The problem is that just as the contemporary American government does all it can to destroy the vital source of the real America, the contemporary Disney Corporation is similarly cannibalizing itself. At best, Disney today stands for a spiritually empty consumerism. At worst, it is something truly sinister, deliberately poisoning young people for profit. Nonetheless, in the end, the castle at the Magic Kingdom still stirs a child’s heart, just as it gives anti-racists deep misgivings for reasons they know but will not articulate (namely that they are not anti-racist, but merely anti-white–and anti everything that connotes whiteness).

It may seem absurd to worry about Kermit the Frog as a closet Marxist, but it is far more ludicrous that we live in a society that pays people vast sums to write about Ariel, The Little Mermaid, as a fascist. Unfortunately, there is always some truth to such charges. The personal is political, and culture is always a battlefield. Disney profits by giving Americans a dull echo of values and archetypes deep within the Western soul. Academics and subsidized activists derive a comfortable living deconstructing this appeal and telling whites they should feel guilty about it.

It remains to contemporary Radical Traditionalists to re-articulate these truths in new forms that can speak to our people, both freeing them from their guilt and giving our children new stories, legends, and heroes that can’t be repackaged and consumed for the well-being of Michael Eisner. Characters are products, but the stories and themes are inseparable from our life as a people. It’s time we reclaim them.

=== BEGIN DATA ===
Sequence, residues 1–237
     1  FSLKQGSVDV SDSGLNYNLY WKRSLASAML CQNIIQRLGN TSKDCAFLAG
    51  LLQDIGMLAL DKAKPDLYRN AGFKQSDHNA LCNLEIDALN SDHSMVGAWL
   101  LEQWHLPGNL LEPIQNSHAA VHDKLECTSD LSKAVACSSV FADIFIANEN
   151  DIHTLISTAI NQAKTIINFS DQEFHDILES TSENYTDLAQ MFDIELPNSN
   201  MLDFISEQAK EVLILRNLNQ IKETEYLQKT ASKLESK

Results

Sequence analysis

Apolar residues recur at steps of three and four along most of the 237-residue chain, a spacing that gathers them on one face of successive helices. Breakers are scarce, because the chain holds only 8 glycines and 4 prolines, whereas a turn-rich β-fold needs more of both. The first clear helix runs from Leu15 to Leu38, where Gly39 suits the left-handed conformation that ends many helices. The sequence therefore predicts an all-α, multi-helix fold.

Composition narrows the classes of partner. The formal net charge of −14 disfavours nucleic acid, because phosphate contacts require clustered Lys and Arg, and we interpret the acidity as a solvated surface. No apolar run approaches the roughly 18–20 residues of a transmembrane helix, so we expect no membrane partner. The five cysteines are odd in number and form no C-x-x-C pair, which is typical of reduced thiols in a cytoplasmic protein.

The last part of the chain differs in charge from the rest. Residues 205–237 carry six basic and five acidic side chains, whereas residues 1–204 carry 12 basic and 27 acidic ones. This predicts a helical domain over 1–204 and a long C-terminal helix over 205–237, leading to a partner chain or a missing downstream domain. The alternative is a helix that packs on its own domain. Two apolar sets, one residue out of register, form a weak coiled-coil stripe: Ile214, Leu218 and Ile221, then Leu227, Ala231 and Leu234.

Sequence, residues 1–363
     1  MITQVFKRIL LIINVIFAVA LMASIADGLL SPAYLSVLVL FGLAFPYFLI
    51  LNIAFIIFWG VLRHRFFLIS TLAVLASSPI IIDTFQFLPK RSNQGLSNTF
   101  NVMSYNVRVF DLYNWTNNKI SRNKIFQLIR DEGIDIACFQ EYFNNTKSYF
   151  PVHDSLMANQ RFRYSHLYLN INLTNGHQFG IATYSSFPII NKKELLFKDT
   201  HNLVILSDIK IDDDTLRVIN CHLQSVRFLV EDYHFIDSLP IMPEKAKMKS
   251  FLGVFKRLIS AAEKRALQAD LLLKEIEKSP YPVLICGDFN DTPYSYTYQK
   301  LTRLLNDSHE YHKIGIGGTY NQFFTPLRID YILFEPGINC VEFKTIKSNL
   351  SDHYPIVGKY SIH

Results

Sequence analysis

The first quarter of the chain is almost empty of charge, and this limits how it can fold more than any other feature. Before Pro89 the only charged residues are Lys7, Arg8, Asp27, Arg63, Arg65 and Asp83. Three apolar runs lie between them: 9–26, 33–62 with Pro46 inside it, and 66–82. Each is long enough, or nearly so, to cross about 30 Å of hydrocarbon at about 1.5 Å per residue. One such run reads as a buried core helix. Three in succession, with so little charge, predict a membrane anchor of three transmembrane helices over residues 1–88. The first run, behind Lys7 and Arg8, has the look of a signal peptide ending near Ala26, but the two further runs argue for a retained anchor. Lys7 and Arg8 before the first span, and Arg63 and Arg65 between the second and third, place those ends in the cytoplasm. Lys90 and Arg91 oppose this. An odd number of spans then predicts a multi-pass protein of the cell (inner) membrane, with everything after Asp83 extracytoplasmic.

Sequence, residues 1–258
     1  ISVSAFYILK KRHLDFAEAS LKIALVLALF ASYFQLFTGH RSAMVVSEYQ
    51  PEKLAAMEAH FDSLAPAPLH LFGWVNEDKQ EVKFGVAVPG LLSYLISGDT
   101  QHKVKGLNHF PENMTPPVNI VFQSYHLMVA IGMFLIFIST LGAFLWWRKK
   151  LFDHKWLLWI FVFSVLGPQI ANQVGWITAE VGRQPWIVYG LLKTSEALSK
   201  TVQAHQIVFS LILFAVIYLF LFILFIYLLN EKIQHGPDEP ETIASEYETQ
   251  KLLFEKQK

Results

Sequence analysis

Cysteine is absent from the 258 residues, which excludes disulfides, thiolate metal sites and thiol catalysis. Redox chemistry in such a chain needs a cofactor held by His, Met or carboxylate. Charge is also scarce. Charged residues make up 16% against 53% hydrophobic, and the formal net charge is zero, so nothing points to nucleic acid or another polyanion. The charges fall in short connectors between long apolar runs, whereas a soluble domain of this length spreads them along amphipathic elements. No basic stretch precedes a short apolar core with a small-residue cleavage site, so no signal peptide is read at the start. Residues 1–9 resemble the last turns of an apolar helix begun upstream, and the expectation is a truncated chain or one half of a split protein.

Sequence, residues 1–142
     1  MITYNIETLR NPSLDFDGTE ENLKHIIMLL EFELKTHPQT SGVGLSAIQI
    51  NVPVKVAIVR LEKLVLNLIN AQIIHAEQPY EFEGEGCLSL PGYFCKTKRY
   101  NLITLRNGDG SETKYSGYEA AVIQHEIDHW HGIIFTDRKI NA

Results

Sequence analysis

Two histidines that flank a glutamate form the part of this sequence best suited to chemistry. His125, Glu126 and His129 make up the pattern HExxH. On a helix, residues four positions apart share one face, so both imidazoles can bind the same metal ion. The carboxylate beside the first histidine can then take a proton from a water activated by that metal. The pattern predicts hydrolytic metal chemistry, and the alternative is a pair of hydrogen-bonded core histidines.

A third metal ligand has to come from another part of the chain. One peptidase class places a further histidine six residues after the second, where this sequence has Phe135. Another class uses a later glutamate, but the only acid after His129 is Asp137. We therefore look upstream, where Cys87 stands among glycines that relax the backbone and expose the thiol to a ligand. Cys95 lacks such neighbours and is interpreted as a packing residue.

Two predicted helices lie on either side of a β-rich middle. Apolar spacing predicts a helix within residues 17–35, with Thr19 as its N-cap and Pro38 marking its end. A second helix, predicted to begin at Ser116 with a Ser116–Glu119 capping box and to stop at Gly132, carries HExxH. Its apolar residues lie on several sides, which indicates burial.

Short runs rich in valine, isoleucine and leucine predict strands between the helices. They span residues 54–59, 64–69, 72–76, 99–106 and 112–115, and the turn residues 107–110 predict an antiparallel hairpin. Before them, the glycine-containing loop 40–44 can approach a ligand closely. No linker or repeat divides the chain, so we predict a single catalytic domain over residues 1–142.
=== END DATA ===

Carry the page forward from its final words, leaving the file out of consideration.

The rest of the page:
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  1. Posted December 14, 2011 at 5:16 am | Permalink

    Oddly enough, growing up in Detroit in the 60s-70s insulated one from a certain amount of Americana. Disney, for instance, was nothing. No one “went to Disneyland” or fantasized about doing so, like the kids in the commercials today supposedly do. McDonalds, too [now that Detroit is 24/7 “black” it’s a different story]. And the Beatles? I saw them on Sullivan, then they disappeared. “Rock critics” supposedly remember people lining up to buy Sgt. Pepper, but the first I heard from it, George Burns was “singing” it on Sullivan, so you know what we thought of that.

    Anyway, he does, as they say, seem to ‘have the right enemies.’

  2. Posted December 14, 2011 at 5:22 am | Permalink

    The point about the Beatles was that we had our own music; we WERE Motown so we didn’t need to hear some Limeys cover it for us, and as for their “experimental” or “revolutionary” stuff, we had the MC5 and Stooges.

  3. Justin Huber
    Posted December 14, 2011 at 2:16 pm | Permalink

    Actually, from what I remember, I liked some of Disney’s early feature films (Snow White and Pinnochio) because they didn’t seem to fall into the category of “Americana”. The programming that appears on the Disney channel today seems toxic if you ask me.

  4. Joe Owens
    Posted December 15, 2011 at 12:57 am | Permalink

    How come Ben Shapiro can get away with saying what Joe McCarthy couldn’t in the 1950’s? Don’t be fooled by the so-called patriotic stance of the likes of Ben Shapiro and co. All this Jew does is offer a dead-end solution to his fellow brethrens ATTACK!